Sean Ludwick strikes back at ex-BlackHouse partners

Siras principals Sumaida, Verma exploited his personal life, froze him out of projects: lawsuit

From left: Sean Ludwick (credit: Briana E. Heard), Soori High Line rendering (credit: Soo K. Chan), Saif Sumaida and Ashwin Verma
From left: Sean Ludwick (credit: Briana E. Heard), Soori High Line rendering (credit: Soo K. Chan), Saif Sumaida and Ashwin Verma

UPDATED, March 19, 5:55 p.m.: Sean Ludwick is suing his two former BlackHouse Development partners Saif Sumaida and Ashwin Verma, alleging he was frozen out of joint ventures to develop multiple Manhattan projects.

The lawsuit, filed Wednesday in New York State Supreme Court, arrives three weeks after New York-based Chinese development firm Kuafu Properties filed a petition to dissolve its partnership with Sumaida and Verma – now heads of Siras Development – and Ludwick for a 47-story Hudson Rise condo-hotel project in Hudson Yards.

In 2007, Ludwick founded BlackHouse and soon recruited Sumaida and Verma to join as partners.

“Despite their efforts to make it appear otherwise, Defendant Verma has participated in the BlackHouse projects only as an investor and by performing certain administrative tasks, while Sumaida has acted only as an investor and construction manager,” the suit stated.

“Beyond his capacity to access his family’s wealth, Verma served no other functional purpose to the company,” the suit added.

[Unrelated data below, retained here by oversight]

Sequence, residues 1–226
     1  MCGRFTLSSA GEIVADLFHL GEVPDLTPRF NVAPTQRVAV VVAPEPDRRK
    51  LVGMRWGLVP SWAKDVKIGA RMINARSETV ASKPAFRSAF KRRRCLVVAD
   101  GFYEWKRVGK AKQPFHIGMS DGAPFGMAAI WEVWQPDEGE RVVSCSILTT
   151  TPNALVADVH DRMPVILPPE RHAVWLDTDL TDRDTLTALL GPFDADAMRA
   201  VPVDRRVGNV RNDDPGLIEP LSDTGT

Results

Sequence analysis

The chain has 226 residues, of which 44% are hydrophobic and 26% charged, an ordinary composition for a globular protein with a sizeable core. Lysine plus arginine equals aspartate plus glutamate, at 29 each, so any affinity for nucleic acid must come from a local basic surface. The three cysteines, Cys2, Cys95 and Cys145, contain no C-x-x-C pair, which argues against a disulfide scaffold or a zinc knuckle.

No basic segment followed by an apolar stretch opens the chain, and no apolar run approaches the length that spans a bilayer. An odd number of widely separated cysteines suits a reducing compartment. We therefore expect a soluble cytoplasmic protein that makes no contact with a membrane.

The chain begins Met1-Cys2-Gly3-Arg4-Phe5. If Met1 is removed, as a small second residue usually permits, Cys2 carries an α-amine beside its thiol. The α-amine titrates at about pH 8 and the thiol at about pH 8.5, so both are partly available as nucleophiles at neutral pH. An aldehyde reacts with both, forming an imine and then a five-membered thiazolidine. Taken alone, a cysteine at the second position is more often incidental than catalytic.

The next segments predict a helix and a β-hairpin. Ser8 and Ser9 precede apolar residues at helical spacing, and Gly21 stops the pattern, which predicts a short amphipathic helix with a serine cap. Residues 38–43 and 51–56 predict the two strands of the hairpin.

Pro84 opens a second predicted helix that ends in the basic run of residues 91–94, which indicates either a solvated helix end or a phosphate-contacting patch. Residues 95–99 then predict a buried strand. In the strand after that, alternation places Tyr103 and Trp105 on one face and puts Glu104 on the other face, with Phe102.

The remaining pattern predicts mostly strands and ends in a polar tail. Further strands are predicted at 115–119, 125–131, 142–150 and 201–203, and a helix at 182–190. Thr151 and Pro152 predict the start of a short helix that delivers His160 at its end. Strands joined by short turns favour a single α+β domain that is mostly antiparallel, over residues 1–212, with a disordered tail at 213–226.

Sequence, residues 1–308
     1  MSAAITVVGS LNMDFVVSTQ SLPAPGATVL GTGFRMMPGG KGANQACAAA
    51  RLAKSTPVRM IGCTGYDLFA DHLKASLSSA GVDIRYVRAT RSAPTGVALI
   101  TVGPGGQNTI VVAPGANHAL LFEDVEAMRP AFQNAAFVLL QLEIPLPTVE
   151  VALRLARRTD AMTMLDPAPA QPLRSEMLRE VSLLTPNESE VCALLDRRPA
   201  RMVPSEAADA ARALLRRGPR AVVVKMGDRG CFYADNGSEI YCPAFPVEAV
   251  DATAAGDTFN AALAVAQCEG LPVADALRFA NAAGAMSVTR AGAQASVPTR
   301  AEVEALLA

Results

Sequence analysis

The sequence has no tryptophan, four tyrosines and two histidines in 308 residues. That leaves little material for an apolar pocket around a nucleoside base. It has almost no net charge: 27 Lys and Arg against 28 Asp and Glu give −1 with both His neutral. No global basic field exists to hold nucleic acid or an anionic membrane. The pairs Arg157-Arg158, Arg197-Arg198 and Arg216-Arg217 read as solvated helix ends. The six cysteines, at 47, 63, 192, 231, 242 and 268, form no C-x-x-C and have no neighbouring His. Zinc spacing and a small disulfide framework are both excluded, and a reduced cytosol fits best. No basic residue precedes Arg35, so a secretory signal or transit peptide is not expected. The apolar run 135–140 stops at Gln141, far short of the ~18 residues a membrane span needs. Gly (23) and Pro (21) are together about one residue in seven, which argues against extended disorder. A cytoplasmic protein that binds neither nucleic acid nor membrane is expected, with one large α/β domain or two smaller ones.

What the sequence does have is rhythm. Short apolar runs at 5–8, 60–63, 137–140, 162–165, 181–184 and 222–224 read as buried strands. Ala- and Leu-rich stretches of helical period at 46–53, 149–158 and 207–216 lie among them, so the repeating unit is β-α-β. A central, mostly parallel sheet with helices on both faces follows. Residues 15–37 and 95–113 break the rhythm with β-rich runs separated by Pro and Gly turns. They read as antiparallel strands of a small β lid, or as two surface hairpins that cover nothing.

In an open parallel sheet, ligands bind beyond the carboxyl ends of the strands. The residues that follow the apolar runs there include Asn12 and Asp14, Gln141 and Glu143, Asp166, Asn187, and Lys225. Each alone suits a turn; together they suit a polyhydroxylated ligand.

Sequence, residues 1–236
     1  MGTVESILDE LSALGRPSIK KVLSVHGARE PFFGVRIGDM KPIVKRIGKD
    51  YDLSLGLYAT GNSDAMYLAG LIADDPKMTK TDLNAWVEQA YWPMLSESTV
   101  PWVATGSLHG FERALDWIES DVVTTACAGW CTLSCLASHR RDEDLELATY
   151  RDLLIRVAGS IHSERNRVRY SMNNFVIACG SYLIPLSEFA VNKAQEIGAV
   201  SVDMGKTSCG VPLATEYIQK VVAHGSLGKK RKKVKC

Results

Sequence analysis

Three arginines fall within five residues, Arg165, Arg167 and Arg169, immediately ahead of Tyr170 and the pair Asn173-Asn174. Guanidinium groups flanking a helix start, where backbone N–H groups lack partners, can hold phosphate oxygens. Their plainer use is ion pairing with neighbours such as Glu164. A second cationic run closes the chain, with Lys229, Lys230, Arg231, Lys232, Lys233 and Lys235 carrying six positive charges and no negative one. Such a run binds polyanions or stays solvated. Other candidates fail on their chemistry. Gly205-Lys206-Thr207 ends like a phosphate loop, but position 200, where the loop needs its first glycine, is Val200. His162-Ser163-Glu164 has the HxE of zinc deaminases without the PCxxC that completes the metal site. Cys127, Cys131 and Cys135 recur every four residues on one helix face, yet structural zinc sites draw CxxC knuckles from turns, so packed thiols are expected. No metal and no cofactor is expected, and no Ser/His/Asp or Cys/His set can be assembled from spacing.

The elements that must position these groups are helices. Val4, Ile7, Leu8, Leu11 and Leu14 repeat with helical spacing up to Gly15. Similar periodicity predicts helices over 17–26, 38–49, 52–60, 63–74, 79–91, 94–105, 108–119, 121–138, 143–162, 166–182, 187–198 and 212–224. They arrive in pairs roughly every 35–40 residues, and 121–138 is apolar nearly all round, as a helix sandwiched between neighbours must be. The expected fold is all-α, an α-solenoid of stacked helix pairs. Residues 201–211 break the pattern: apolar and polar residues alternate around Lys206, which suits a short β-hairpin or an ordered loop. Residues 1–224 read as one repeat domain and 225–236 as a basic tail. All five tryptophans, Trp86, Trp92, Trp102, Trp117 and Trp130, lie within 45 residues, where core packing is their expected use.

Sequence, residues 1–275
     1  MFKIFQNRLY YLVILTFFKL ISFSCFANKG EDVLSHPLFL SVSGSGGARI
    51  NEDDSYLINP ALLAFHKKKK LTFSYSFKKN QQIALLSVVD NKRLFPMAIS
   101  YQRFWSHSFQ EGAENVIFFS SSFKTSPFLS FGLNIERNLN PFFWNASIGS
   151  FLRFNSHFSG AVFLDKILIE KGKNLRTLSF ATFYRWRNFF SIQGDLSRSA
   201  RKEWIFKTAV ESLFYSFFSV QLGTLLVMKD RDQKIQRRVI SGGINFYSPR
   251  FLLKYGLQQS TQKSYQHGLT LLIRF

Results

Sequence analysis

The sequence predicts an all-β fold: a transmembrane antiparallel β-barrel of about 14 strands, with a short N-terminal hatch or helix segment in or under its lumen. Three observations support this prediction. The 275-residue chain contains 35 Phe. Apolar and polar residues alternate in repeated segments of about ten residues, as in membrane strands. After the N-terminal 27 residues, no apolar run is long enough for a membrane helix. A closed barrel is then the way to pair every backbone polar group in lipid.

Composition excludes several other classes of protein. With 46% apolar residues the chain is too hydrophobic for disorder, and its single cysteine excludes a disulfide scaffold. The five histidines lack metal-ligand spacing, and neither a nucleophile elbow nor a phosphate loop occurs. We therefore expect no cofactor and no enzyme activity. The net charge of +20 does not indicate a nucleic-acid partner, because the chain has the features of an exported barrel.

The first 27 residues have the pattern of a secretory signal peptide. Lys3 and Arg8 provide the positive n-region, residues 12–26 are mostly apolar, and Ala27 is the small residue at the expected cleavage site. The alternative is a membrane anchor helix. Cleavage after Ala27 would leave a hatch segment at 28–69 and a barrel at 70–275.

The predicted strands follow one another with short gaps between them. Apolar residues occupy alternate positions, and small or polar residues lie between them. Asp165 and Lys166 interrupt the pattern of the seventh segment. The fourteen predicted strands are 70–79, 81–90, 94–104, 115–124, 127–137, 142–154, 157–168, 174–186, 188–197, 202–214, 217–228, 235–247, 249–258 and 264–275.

Ludwick is seeking $15 million in damages from them. In the suit, he accuses Sumaida and Verma of taking credit for his work; exploiting circumstances from his personal life; and locking him out of office space that he leased from Sumaida, who is also a principal at development firm Sumaida + Khurana. Ludwick claims that they formed Siras as a scheme to merge three BlackHouse-affiliated entities tied to the Soori High Line project without his consent.

Sumaida and Verma sought to buy out Ludwick for less than a tenth of his investment in the development, the suit stated. He claims, for example, that he was offered $1.5 million for his stake in Soori High Line, though he had an interest in the project worth $18 million.

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Verma responded to the allegations with a statement: “The complaint is baseless and also sad and unfortunate. We look forward to setting the record straight and prevailing in court.”

Last year, Siras issued statements saying that Ludwick “has no management rights and is not involved in any day-to-day operations” of the Hudson Rise or Soori High Line projects. Kuafu issued a news release in July announcing the acquisition of the Hudson Yards development site with no mention of Ludwick.

Since last month, Ludwick says he has been entirely excluded from all project communications.

Kuafu’s petition cited “problematic behavior” by Ludwick, including several reported incidents. He pleaded guilty to assault and battery in Martha’s Vineyard as well as second-degree harassment in Manhattan last year. He was also accused of entering his ex-girlfriend’s apartment and creating lewd drawings on murals he had painted.

Late last week, Siras motioned to dismiss Kuafu’s petition, arguing that New York courts lack jurisdiction to dissolve a Delaware-based entity and that their operating agreement requires at least 75 percent of the managers to provide a basis for dissolution, according to court documents.

Zhao Jin, cultural consultant at BlackHouse, said the conflict in Kuafu’s petition stemmed from “cultural differences” between Kuafu and Siras.

“Sean is just a casualty in this process,” Jin said.

Kyna Doles contributed reporting.

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